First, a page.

But Señor Zorro had not slain him. He had merely disarmed him neatly, then run his blade through a shoulder. Garzo dropped to the floor, moaning more with fright than with pain, disarmed and helpless, expecting a death blow at any moment.

“Quiet, or you die!” Zorro hissed at him.

Then Felipe Garzo did a foul thing. He still clutched his dagger in his left hand; and now he transferred it swiftly to his right, hurling it straight at the masked man before him, in open defiance of all rules of fair combat. Instantly, Zorro darted aside, and the flying weapon glanced from the steel of his blade.

“Scum!” Zorro cried, and his blade flashed again, and came back red.

Nor had he struck to kill this time—but only to give a wound that would bring unconsciousness. For if, as Zorro believed, this “horse trader” was a proud swordsman of the governor’s retinue, to go through life shamed with Zorro’s brand would be a sterner lesson to him, and to other bravos like him, than a swift and painless death.

Zorro whirled away from his fallen adversary, even as he heard the voice of Capitán Torello shouting for his men to get through the door. From his pouch, he took the little bottle, and for a time worked swiftly at the wall, and on the face of the fallen man.

An instant later he had darted across the room and had extinguished the torch, and grasping his long black cloak he enveloped himself in it. Then he darted to the big door and stood so it would cover him when it was hurled open.

The next moment it crashed inward. The guest room was in total blackness, for those who carried torches had not yet reached the building. Immediately the guards who had opened the door recoiled, cries of awe rumbling from their throats. For gleaming on the opposite wall was a huge skull, and below it a jagged letter Z. And on the floor in a corner was something that moaned and tossed and might have been a man. On it was another Z, that gleamed and quivered in the midst of the darkness.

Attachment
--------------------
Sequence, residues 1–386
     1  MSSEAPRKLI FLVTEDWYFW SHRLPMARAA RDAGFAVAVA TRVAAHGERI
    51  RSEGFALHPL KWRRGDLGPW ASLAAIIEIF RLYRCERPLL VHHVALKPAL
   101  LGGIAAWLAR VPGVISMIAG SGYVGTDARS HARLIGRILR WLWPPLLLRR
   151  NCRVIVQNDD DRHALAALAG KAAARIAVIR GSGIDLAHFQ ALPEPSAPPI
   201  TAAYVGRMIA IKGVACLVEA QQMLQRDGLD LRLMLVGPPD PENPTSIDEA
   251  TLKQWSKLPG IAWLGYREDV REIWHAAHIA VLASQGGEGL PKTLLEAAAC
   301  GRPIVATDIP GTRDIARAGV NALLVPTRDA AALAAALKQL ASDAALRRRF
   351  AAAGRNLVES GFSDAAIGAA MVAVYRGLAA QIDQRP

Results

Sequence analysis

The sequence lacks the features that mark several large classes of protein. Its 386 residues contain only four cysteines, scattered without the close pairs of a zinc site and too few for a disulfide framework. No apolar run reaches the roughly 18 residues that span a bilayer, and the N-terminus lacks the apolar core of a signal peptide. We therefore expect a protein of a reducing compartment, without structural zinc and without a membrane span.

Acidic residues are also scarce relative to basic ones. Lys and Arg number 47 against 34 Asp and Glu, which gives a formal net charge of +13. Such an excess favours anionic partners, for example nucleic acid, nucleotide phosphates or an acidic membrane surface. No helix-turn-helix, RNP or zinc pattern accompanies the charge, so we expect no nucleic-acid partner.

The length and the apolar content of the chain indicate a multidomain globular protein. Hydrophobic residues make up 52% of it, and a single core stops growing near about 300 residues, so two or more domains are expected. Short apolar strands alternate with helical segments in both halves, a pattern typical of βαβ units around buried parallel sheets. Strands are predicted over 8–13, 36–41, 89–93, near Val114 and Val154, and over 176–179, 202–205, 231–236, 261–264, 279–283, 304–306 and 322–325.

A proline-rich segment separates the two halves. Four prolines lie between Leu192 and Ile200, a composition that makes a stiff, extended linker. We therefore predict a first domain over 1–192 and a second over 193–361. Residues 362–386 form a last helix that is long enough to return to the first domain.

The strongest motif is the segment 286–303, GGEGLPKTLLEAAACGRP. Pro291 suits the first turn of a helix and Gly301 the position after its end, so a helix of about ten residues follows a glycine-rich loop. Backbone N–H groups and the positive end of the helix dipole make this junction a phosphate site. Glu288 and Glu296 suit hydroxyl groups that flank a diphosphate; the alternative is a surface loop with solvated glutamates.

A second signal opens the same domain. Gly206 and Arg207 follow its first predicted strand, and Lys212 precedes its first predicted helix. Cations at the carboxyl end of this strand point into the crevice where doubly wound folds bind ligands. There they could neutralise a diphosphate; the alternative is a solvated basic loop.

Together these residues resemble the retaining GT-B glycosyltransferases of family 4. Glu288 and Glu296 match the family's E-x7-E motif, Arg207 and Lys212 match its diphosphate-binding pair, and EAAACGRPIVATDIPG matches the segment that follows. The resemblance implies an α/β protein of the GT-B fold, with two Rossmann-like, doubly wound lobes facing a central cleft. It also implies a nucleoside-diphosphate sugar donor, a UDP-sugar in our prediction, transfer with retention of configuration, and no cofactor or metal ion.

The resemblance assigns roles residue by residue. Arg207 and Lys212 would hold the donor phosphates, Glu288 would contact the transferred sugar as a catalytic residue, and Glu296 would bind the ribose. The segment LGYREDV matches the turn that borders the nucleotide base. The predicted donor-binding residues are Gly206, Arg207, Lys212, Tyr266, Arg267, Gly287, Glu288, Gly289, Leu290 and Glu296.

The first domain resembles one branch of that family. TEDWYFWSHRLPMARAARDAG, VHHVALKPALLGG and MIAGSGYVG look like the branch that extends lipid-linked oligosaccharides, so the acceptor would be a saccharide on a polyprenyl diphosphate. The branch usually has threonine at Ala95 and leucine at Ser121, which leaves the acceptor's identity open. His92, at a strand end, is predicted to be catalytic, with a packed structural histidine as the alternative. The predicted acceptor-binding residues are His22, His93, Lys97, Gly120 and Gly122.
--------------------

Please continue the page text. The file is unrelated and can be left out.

The guards howled, terrified, and then the capitán was there with the others and the place was lit by torches. Blades out and ready, they stormed into the room. Their first swift glances revealed nothing except Felipe Garzo, wounded and bleeding, and the indications of combat— overturned furniture, blotches of blood upon the floor. For Señor Zorro was behind the very door which they had hurled open and back against the wall. He was oniy a few feet from them in reality, though not in their thoughts.

And now, since they had all rushed past him, Señor Zorro darted from behind the door and prepared to rush forth into the black night. —But his work was not yet done. He had punished Felipe Garzo, but he must also disabuse the capitán of the idea that Señor Zorro was in reality Don Diego Vega.

“Ha! Señores! You look for me, perhaps?” he cried.

They whirled, and in that instant he had darted through the door and was gone, his mocking laugh ringing back at them.

“After him!” Torello cried. “Get horses for a chase, some of you! Saddle my own mount!”

Some were in night clothing, and some in boots and breeches only, notably the capitán. Some chased out into the black night and in the direction Zorro had taken, guided by his mocking laugh. But he reached his horse safely enough and got himself into the saddle, and then he was quiet, listening to the troopers as they charged toward the stables.

Horses were always ready for the trail, at the presidio, and men mounted these. Others were soon made ready rapidly. Capitán Torello mounted his own horse, not stopping to finish his dressing, and making neither a brave nor an attractive picture in his present half attire.

But out of the night and past them there suddenly rode a demon on a black horse, who howled at them as he passed. The flaming upper half of a skeleton again—for Zorro had not put on his cloak.

Troopers gave cries of alarm, but their capitán silenced them.

“It is but Zorro! It is a trick!” Torello howled. “After him!—A reward to the man who catches or slays him!”

And back to them, as they began their hard ride, came the mocking laugh of Zorro.